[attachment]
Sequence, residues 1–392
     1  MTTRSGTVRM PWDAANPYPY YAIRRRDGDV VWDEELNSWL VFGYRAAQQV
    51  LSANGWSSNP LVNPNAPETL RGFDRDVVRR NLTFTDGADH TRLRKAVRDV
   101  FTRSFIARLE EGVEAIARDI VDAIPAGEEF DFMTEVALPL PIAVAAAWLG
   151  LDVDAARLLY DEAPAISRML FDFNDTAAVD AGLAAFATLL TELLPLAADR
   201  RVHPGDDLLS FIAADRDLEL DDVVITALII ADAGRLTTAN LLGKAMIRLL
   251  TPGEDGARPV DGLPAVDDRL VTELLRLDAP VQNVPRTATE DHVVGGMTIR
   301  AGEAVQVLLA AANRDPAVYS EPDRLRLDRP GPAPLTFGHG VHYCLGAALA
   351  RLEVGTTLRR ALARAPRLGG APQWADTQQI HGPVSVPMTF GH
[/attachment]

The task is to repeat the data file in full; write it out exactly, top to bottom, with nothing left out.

Sequence, residues 1–392
     1  MTTRSGTVRM PWDAANPYPY YAIRRRDGDV VWDEELNSWL VFGYRAAQQV
    51  LSANGWSSNP LVNPNAPETL RGFDRDVVRR NLTFTDGADH TRLRKAVRDV
   101  FTRSFIARLE EGVEAIARDI VDAIPAGEEF DFMTEVALPL PIAVAAAWLG
   151  LDVDAARLLY DEAPAISRML FDFNDTAAVD AGLAAFATLL TELLPLAADR
   201  RVHPGDDLLS FIAADRDLEL DDVVITALII ADAGRLTTAN LLGKAMIRLL
   251  TPGEDGARPV DGLPAVDDRL VTELLRLDAP VQNVPRTATE DHVVGGMTIR
   301  AGEAVQVLLA AANRDPAVYS EPDRLRLDRP GPAPLTFGHG VHYCLGAALA
   351  RLEVGTTLRR ALARAPRLGG APQWADTQQI HGPVSVPMTF GH